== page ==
“Trying to get a Member of Congress to take on a cause, propose legislation and see it through to the end is difficult, but not impossible. You do not need to have a political background, nor do you need to know all of the nuances of playing in the political arena. Accept the fact that inevitably you will make mistakes. Also remember that your representatives are human too and that they are in Congress to represent you. They work for you. Always remain respectful and courteous when working with them or their staff. They have a lot of things to deal with so they may not always get back to you quickly. You will need to follow-up regularly. Getting legislation passed is very difficult. However, remain confident that with perseverance and your passion for your cause, you will succeed in bringing the issues of the rare disease community to the forefront of awareness so that the people who make up this community will reap the same benefits afforded to those who have common diseases even if you never get a piece of legislation passed.” –Heather Long, Co-Author of HR 2671 CAL Undiagnosed Diseases Research and Collaboration Network Act, and Parent Advocate

 

Section 3: Specific ways to advocate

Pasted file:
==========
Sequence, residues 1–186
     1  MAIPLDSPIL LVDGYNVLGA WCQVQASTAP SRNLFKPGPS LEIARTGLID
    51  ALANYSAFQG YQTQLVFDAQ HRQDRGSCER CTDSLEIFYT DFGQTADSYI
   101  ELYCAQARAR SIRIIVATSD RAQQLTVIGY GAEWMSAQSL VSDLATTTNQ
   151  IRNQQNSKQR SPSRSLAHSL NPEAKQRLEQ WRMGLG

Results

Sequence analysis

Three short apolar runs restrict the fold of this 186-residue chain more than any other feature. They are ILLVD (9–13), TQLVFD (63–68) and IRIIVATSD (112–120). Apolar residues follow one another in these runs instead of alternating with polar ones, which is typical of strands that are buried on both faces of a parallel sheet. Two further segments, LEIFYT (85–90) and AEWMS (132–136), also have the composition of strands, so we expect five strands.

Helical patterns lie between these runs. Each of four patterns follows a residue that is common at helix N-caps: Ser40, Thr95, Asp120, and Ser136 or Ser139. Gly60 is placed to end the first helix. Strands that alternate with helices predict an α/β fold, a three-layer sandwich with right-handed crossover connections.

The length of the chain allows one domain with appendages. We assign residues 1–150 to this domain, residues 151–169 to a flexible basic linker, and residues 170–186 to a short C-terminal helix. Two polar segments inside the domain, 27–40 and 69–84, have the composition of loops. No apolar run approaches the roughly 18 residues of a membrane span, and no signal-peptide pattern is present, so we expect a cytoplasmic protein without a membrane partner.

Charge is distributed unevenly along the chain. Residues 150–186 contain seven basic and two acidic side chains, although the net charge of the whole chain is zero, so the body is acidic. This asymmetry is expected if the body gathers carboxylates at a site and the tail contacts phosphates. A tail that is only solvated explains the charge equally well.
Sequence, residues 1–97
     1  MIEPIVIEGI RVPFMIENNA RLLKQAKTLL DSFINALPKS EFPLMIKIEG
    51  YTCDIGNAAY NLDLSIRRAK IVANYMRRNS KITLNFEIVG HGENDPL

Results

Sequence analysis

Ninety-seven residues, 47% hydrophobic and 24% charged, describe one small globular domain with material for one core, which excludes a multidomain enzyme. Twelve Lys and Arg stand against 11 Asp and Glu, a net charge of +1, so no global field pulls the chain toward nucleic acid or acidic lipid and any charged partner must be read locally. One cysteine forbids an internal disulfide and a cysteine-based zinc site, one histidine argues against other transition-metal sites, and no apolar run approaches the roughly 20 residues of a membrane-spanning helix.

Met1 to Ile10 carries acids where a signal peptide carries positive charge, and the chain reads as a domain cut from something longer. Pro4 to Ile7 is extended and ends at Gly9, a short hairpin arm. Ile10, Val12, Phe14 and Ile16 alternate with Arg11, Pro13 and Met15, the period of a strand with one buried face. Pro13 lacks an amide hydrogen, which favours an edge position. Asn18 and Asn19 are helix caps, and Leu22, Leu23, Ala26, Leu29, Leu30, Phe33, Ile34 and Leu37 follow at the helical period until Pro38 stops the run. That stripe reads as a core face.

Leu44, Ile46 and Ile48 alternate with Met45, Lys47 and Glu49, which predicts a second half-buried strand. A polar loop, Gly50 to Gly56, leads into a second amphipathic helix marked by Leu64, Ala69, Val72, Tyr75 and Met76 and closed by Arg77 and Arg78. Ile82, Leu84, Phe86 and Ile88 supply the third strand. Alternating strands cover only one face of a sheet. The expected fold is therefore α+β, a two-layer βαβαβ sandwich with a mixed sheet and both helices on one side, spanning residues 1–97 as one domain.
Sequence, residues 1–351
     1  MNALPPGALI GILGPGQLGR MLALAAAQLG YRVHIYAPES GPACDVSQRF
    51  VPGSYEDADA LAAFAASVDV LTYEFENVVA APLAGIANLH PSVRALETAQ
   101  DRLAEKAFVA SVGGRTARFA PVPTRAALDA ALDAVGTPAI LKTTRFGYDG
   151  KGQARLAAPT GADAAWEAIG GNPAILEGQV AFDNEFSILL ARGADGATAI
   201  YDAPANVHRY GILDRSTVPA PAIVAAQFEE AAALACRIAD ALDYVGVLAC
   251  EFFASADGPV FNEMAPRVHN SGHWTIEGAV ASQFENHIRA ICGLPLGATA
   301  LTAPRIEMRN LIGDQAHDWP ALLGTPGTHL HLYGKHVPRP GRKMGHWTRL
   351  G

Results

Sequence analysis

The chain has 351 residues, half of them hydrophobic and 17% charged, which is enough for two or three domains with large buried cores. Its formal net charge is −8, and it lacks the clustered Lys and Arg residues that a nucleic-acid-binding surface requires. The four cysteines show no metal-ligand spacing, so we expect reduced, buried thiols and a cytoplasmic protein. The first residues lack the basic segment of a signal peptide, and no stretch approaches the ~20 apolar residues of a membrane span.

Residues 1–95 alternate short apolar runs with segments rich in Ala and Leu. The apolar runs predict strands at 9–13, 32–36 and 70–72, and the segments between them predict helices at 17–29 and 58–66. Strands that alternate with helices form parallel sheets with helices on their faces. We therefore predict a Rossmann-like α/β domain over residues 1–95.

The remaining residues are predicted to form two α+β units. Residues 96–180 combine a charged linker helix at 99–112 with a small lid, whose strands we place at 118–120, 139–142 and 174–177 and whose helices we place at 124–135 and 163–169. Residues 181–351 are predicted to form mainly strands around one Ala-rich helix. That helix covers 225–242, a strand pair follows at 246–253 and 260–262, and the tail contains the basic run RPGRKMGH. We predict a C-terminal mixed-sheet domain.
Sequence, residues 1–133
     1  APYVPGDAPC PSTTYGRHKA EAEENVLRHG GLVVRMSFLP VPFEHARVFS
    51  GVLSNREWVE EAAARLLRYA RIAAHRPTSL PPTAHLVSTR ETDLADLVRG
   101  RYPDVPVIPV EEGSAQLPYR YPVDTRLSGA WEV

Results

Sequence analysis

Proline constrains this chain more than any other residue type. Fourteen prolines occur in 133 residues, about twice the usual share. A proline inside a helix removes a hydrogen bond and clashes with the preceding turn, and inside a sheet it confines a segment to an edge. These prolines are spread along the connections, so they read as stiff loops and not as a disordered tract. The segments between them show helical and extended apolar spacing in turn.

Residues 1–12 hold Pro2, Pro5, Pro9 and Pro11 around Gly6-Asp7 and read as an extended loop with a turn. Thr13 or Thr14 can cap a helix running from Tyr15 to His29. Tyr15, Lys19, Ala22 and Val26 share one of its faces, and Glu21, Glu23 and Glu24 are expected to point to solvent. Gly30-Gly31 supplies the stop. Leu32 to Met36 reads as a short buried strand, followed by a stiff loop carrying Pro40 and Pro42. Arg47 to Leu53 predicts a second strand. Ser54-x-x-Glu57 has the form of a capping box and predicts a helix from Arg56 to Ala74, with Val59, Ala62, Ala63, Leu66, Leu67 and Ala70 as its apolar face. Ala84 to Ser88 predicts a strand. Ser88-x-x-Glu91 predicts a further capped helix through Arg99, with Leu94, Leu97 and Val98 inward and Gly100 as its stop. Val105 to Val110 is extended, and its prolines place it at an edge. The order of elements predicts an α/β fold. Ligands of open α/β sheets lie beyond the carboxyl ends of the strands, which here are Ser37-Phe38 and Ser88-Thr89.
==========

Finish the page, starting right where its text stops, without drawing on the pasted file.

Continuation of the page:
There are several ways to advocate; a couple of which are listed below. These serve as great first steps to get involved, learn about the legislative process and watch your efforts set things into motion.

 

Joining the Rare Disease Congressional Caucus

 

Some noteworthy Representatives include those who specialize in rare diseases, participating in the Rare Disease Congressional Caucus: http://www.rarediseases.org/advocacy/initiatives-updates/caucus. This forum allows members to voice their constituents’ concerns, exchange ideas and build support for legislation that will improve the lives of those with rare diseases. Co-chaired by Joseph Crowley (NY-7) and Leonard Lance (NJ-7), this caucus consists of more than 50 members. A full list is available in the Rare Disease Legislative Advocates website (http://rareadvocates.org/rarecaucus/).

 

A great way to start advocating for rare diseases is by imploring your Representative to join this Caucus! To do so, access an Ask Letter on the Rare Disease Legislative Advocates website (http://www.congressweb.com/kaki/21) that, once you add your address, will automatically generate and send to your member of Congress.

 

View a Rare Disease Congressional Caucus One Sheet that you can leave behind in the offices of your members of Congress in the Appendix.

 

Participating in Rare Disease Lobby Day